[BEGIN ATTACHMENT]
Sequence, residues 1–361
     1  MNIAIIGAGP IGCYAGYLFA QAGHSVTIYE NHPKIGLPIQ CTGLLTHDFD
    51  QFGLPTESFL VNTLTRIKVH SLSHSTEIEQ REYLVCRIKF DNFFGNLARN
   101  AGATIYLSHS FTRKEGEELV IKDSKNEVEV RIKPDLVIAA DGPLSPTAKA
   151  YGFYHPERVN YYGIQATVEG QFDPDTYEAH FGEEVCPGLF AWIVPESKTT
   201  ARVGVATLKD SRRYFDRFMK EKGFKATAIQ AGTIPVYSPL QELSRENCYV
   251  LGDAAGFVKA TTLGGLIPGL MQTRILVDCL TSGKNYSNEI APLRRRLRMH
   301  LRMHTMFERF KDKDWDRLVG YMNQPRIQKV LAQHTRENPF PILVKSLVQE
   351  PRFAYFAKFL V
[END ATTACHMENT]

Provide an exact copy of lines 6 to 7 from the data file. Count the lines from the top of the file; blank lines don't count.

   201  ARVGVATLKD SRRYFDRFMK EKGFKATAIQ AGTIPVYSPL QELSRENCYV
   251  LGDAAGFVKA TTLGGLIPGL MQTRILVDCL TSGKNYSNEI APLRRRLRMH